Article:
The Importance Of Safe, Stable And Nurturing Environments

In order to help ensure that children develop, in both physical and psychological terms, as healthily as possible, Schoefield and Merrick (2013) published research emphasizing the importance of children growing up in an environment which is as safe, stable and nurturing as possible. Let’s look at each of these three components of an optimal environment in a little more detail :

  1. SAFETY :

It is vital that the child grows up in an environment in which s/he feels not just physically safe, but emotionally and psychologically safe as well. Indeed, Abraham Maslow (1908 – 1970), famous for developing a hierarchy of human needs in his classic research paper (1943) identifies the need to feel safe and secure as absolutely fundamental.

Physical safety involves being kept from physical harm, having proper shelter, having the means to preserve personal hygiene, having suitable clothing, having good nutrition and having safe transport. And, most obviously, it involves not being physically abused or physically bullied.

Above : Abraham Maslow’s (1943) famous ‘hierarchy of needs’ pyramid, showing SAFETY AND SECURITY as a fundamental and prerequisite need to enable the person to go on to achieve the higher needs shown in the pyramid (social belonging, self-esteem and self-actualization).

Abraham Maslow

Above : Abraham Maslow (1908-1970)


Emotional and psychological safety involve being free of emotional and psychological abuse; being treated with respect; receiving unconditional love from parents/primary carers; being allowed to act and behave as a child and free of being parentified,  adultified or burdened with age inappropiate problems; being permitted to express a full range of emotions (rather than being made to suppress them, including sadness and anger); being listened to, receiving physical affection (e.g. hugs); spending sufficient ‘quality’ time with parents/primary carers and receiving sufficient attention/interest; being kept free from unnecessary fear; not being made to feel like an intrinsically bad person for doing a bad thing or made to carry feelings of enduring and abiding shame; and not having their parents’ dreams imposed upon them (whereby the child used to fulfil a parental need whereby the parent attempts to experience success vicariously through the child). These, of course, are just examples ; a complete and definitive list is impossible to produce and may vary slightly between individual children, families, cultures etc. Also, of course, not every possible need can be included on one, basic list.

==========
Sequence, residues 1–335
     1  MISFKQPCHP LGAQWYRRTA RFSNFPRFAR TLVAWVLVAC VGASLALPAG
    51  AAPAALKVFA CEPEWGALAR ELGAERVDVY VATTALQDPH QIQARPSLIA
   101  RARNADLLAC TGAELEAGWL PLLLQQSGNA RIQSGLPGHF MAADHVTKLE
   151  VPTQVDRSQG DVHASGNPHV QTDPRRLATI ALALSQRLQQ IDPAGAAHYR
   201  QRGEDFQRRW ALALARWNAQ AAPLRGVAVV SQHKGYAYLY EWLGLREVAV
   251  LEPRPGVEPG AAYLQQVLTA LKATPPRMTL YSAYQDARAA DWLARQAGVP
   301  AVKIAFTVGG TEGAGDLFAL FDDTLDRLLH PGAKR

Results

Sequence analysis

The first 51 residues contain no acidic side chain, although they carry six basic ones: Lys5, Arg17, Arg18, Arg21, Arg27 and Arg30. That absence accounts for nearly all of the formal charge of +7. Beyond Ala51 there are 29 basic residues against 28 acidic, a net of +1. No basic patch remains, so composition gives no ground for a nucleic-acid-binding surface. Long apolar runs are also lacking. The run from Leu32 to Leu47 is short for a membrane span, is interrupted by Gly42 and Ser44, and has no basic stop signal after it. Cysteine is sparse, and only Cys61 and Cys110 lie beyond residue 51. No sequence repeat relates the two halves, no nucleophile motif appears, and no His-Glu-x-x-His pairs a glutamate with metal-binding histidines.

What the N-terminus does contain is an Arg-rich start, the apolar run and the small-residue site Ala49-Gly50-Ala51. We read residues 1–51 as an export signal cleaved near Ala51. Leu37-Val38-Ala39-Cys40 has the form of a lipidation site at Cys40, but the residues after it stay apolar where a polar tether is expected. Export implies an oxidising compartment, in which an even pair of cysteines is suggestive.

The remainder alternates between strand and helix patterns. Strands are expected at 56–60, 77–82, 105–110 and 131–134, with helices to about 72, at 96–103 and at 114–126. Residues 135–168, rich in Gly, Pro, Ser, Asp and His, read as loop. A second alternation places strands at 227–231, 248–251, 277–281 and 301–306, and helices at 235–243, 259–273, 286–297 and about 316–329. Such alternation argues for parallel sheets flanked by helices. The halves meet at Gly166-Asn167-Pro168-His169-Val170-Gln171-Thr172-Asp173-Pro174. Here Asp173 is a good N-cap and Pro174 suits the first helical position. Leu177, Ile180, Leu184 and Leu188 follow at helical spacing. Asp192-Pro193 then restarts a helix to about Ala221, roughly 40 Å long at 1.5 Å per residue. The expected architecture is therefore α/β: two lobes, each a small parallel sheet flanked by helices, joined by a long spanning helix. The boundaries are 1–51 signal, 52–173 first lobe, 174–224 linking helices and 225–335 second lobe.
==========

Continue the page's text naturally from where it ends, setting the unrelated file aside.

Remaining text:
A major type of family instability occurs when parent/s with whom the child lives change over time. Changes in the structure of the family often affect financial resources; the time the child spends with the parent/s; changes in the way the household is run/ household rules /household discipline; changes to the geographical location in which the child lives; enforced change of the child’s friendship group; changes in the child’s  relationship with extended family members; and changes in the child’s relationship with parent/s (particularly if one parent attempts to turn the child against the other parent, as can happen during hostile divorces/separations). These changes often combine to induce significant stress in the members of the household and research has shown that this increases the child’s risk of developing cognitive deficits, poor health and behavioural problems.

For optimum physical and psychological development, the physical, social and psychological environment in which the child grows up needs to be as consistent and predictable as possible.


It is also crucial that the child grows up in an environment that is nurturing. This includes the child receiving appropriate attention, love and care; being treated with patience, sensitivity and empathy; being treated an individual with his/her own unique qualities and according to his/her own specific set of needs; being listened to; and being treated with respect. This nurturing, loving, care needs to be consistent, dependable and unconditional.



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David Hosier BSc Hons; MSc; PGDE(FAHE).

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